An Open Letter: The Vlogbrothers
Good evening Hank and John,
I could easily think of a dozen different reasons to write either of you, all of which would be in the spirit of gratitude. Your combined works have helped me build a better relationship with my younger sister, to appreciate more different art forms, and to view my life and actions in a greater context (no biggie). But what I want to thank you for specifically here is for helping me to imagine people more complexly.
I've been following your work for a while now, and this idea has been at least underlying throughout, but it was when I saw the video Hank posted regarding the re-branding of your company that finally closed the loop on this idea and what it meant to me, which is good, because it's looking increasingly like this is going to be a critical skill to develop in the years ahead.
When I watched this video (and re-watched the video in which I'm pretty sure this is first mentioned, and then John's TEDx presentation; kinda got sucked into a black hole, but I digress) it brought a few memories and ideas that had been sitting on the backburner in my mind that I couldn't quite make enough sense of to articulate.
I remember in my college science classes, it was repeatedly demonstrated to me nothing, nothing, is as simple as it seems. There was never a simple answer to the question as to why something is the way it is, and if one seemed to exist, then I was probably asking the wrong questions.
I thought of why I enjoy gaming and the conclusion I reached was that they allowed a reprieve from the sometimes frightening complexity of the real world where I could hone my decision making, observing, planning, and problem solving skills in a relatively low stakes setting.
More recently, I've thought about how the factors that shape peoples views, prejudices, and actions are way more complex than I deluded myself into believing. That, to quote Robert A. Heinlein, "Man is not a rational animal, he is a rationalizing animal".
In the last few weeks I've endeavored to imagine people more complexly and to let this inform how I converse, both off, and more so on-line. Simply disengaging others with a different view or opinion or interpretation of the facts that doesn't match mine, often with mockery, smugness, and often dismissal is a mistake I endeavor not to continue making.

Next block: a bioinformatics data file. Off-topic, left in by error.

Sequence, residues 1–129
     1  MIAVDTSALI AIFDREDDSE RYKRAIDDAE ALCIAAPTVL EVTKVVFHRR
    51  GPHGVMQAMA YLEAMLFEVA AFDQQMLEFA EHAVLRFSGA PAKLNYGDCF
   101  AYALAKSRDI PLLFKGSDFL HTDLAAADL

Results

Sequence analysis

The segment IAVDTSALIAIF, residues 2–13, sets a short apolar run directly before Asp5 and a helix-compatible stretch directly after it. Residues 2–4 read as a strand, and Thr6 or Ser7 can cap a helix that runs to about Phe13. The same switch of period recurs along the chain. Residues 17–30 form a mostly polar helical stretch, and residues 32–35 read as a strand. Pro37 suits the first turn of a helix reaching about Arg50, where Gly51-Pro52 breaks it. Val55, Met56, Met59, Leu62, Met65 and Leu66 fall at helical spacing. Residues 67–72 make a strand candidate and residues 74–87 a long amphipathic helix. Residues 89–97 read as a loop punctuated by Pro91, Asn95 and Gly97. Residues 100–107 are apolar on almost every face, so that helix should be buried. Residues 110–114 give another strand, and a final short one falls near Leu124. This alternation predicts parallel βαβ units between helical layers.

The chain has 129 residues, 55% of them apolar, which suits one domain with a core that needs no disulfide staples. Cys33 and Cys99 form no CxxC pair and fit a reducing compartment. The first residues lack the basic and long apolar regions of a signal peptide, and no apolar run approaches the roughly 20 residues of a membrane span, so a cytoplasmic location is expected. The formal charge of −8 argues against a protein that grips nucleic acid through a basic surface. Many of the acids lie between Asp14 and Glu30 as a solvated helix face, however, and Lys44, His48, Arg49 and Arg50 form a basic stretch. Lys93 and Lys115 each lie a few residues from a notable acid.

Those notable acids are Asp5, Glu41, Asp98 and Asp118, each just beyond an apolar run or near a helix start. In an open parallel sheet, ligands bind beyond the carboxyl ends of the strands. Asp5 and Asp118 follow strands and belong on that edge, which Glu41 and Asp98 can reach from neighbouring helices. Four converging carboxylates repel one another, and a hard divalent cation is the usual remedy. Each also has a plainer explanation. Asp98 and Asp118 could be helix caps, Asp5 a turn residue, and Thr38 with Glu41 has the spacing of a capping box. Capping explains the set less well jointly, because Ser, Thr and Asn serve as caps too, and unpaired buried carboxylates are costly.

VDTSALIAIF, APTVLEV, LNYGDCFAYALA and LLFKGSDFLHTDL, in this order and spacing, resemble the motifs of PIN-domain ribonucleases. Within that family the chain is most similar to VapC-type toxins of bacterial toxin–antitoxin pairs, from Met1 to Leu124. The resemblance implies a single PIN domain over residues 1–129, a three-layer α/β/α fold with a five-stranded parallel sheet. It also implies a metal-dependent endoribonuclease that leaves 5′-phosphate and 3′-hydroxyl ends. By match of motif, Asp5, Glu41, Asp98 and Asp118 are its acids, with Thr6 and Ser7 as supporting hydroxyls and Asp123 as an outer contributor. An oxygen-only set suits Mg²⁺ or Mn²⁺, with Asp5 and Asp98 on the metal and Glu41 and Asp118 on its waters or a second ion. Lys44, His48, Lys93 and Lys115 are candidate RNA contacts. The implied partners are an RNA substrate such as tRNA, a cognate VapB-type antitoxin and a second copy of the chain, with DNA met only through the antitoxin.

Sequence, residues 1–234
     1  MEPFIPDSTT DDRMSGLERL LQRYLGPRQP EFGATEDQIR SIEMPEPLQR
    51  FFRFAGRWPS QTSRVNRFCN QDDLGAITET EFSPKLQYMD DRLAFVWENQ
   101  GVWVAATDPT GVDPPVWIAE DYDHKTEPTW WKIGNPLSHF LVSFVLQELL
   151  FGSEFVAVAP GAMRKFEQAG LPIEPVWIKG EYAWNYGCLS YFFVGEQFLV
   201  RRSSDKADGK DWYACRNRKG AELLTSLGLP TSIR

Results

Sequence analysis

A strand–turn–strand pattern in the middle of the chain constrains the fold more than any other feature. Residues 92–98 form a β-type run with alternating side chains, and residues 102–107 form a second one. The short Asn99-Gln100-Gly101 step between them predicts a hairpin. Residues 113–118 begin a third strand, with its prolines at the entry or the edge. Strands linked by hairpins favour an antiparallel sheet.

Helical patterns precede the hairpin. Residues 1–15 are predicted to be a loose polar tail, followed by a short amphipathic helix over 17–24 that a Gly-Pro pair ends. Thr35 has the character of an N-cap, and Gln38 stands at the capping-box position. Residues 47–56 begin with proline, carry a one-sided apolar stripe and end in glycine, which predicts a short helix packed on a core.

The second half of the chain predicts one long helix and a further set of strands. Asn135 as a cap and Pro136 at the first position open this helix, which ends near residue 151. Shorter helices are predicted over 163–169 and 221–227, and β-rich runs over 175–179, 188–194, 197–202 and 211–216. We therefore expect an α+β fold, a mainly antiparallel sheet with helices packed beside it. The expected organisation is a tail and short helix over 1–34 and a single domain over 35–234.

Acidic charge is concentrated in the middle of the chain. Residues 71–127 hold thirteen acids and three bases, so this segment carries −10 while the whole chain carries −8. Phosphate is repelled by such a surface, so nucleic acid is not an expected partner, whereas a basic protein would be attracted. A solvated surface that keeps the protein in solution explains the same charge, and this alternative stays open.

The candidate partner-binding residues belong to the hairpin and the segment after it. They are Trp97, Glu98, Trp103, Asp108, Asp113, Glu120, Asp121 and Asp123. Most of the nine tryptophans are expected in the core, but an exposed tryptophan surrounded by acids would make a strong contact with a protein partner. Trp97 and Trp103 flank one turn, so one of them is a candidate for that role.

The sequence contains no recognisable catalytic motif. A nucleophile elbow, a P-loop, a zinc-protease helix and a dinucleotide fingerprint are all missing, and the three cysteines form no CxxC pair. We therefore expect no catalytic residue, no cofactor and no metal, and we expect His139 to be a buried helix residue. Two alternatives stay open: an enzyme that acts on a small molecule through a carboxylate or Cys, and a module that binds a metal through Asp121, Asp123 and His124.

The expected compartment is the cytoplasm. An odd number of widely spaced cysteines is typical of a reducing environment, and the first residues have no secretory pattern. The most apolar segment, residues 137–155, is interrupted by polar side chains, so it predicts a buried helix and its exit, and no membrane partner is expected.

I try and use curiosity as my guiding star (where have I heard this before?). If I fundamentally disagree with someone on a point, instead of simply clamming up or encouraging them to do so, I get curious about why they think differently. What have they seen or done that I haven't experienced that informs their viewpoint?
At the very least, this gives me greater insight into what informed someone's decision, giving me the tools to see someone more complexly and even work through misinformation and misunderstanding (because isn't that what we all want, to cut through bullshit?).
Sometimes even, one or both of us will come up short when trying to unpack a stance or opinion and that sparks exploration into what led us down that path and if it's worth continuing to follow.
Not everyone is willing to engage in this manner. Some can become defensive, even hostile. What I remind myself of in these instances is that they do not necessarily owe me an explanation and above all, they are not my enemy. The enemy is the misunderstanding between us. One or both of us are victims of it and whether or not we both realize, we're on the same team.
Thank you both for helping me to imagine people and the world we live in, more complexly.
DBTBA, best wishes, and thanks for listening,
PS: In the first CC World History series, was younger John and current John's disdain for him supposed to represent how even if we don't like or are somewhat embarrassed by our history, we still have to acknowledge its existence, or am I imagining this more complexly than you intended?